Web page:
On Thursday, a bill that would eliminate school lunch debt for low-income children was introduced in the Assembly.
Assembly Bill 508, authored by Assemblywoman Luz Rivas (D-Arleta), would effectively remove the reduced-price option for school lunches by giving K-12 students eligible to get reduced-price meals and making them free. AB 508 would require California to give funding to school districts and county offices of education to cover the now free costs.
Assemblywoman Rivas wrote the bill to end school lunch debt in California. School lunch debt is a financial action by schools to keep a tab on students ordering reduced-cost meals who don’t have enough money to buy a school lunch on some days. This debt can often pile up and lead to schools sometimes withholding certain student activities from them, including graduation, until the debt is paid or “lunch shame” kids who have a debt.
Rivas was specifically inspired by Vista student Katelynn Hardee, who had opened up a cookie and cocoa stand to pay off the lunch debts of 123 low-income children in her school district in 2019, as well as the rise of new applicants for free or reduced-price meals during the COVID-19 pandemic.
“It makes absolutely no sense that we are making poor kids pay for school lunches. While we provide meals to inmates, debt-free, low-income students are forced to incur a debt for a reduced school meal,” said Rivas in a statement on Thursday. “Every penny counts for California’s working families, especially during these financially strenuous times. Because of the COVID-19 pandemic, millions of hard-working parents continue to lose their jobs and see their savings vanish. When students return to school, we should not burden them with debt when they cannot afford to pay for lunch.”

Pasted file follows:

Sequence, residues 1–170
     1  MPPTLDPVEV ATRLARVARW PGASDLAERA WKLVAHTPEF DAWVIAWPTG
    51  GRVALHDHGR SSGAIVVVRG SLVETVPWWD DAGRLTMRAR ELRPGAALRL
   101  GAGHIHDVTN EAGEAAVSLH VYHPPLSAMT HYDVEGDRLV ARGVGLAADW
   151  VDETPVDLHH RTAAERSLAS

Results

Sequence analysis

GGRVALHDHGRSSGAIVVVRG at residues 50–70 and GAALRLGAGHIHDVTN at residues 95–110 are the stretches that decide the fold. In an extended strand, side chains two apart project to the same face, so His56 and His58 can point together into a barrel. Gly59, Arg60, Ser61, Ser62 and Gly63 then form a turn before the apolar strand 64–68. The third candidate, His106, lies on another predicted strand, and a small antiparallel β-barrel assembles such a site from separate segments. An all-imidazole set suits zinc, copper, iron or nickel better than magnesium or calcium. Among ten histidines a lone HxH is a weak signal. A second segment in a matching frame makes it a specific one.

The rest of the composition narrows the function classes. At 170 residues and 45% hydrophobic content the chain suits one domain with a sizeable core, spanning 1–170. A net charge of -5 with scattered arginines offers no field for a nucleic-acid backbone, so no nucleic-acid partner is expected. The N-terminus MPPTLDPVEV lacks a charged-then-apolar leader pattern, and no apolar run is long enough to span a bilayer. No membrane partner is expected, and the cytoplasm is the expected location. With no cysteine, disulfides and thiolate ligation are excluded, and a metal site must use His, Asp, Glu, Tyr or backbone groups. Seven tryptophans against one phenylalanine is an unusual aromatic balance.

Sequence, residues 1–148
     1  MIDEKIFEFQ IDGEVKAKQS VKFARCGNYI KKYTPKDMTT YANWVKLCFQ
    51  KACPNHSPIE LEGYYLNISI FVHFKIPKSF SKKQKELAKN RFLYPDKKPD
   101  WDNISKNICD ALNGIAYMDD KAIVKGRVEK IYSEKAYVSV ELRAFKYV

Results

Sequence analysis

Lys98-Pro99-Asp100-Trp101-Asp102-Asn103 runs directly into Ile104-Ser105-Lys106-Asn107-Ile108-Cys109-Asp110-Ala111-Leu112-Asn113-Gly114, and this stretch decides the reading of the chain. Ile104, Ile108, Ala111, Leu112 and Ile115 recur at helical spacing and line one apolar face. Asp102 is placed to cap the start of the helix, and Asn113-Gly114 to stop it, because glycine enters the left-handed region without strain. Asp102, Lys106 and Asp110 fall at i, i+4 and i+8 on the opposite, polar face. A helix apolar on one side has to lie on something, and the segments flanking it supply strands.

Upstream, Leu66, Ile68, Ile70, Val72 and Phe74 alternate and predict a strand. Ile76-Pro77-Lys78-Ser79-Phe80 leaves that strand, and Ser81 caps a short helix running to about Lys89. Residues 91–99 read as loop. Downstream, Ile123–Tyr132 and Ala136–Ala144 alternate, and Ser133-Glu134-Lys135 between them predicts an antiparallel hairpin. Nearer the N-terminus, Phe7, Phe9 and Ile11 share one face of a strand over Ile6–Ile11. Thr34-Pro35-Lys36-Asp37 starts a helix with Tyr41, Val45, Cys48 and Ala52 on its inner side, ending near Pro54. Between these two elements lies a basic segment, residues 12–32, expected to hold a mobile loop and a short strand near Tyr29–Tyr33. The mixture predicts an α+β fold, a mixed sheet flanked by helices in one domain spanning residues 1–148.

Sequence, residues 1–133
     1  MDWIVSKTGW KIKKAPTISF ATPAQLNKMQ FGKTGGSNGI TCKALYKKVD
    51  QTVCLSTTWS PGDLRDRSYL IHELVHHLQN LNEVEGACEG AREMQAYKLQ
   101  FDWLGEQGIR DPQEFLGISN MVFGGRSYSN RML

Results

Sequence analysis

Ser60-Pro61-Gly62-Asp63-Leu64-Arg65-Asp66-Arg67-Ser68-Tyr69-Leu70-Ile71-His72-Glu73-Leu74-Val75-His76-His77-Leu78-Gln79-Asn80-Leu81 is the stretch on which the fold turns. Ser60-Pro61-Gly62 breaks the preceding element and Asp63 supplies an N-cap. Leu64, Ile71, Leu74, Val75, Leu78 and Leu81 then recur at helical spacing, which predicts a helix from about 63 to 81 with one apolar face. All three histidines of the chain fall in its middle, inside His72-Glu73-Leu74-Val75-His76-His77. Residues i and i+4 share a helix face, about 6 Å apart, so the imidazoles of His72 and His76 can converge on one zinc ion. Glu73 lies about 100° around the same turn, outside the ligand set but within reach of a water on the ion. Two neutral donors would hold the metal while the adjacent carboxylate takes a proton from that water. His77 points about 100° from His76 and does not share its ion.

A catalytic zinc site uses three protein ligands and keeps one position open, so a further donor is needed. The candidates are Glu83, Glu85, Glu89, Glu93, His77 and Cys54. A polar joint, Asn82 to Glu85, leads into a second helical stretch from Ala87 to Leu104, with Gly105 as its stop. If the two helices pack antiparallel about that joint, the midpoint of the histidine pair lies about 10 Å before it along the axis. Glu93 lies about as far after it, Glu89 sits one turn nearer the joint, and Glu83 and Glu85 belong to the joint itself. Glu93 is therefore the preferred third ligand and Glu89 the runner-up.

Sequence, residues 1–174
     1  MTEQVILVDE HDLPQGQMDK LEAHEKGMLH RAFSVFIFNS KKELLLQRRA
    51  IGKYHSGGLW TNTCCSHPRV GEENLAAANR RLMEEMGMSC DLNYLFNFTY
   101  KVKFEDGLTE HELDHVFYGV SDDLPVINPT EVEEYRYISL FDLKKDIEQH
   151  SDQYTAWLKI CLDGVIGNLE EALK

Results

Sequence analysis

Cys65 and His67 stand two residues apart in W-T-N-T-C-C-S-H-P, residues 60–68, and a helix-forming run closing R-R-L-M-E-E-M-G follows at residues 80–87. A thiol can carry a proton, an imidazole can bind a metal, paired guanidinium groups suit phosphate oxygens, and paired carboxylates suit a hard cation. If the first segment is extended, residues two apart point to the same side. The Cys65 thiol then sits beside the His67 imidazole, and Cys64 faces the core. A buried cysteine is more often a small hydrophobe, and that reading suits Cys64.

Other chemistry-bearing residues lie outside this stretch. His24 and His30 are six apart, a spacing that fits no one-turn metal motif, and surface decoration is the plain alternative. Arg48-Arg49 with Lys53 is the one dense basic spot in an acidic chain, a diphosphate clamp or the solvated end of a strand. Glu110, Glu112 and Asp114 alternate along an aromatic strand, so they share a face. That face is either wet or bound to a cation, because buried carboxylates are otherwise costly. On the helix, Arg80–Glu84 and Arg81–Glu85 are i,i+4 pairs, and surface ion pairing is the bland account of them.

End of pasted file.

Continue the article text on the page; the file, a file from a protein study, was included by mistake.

AB 508 support, opposition
The bill quickly drew co-sponsors on Friday from several legislators, as well as support from groups such as the American Diabetes Association.
“No child should have to miss out on a school meal because their parents can’t afford their lunch,” added Assemblywoman Lorena Gonzalez (D-San Diego), a primary co-author. “I’m proud to co-author AB 508 to relieve this burden for so many parents whose children rely on school meal services to stay nourished, healthy, and prepared to learn.”
While no formal opposition has been launched against the bill as of Friday, partially due to AB 508 clearly lining out where funding for the program would come from, experts noted that the bill is part of a movement this year to try to overhaul school lunch programs in California.
“Right now, California has a bunch of bills floating around trying to upend free lunches for students,” education policy advisor Howard Swift told the Globe. “You have SB 364 out there too, which just gives everybody a school lunch who wants one, but isn’t being upfront of where the money would come from or how logistically it is even possible to do this without food waste.
“AB 508 is more palatable in a way because it eliminates student lunch debt statewide, which groups like the NEA have been trying to get rid of for years, gives free meals to kids who are still needy, and tells the taxpayer how exactly they will get the money for this. This is all right out of the playbook parties use by having several similar bills go up to try and get at least one of them passed. Let’s see where the bills land post-committee, because at least one of these is going for a vote this year.”
AB 508 is expected to be heard in committee beginning March 12th.
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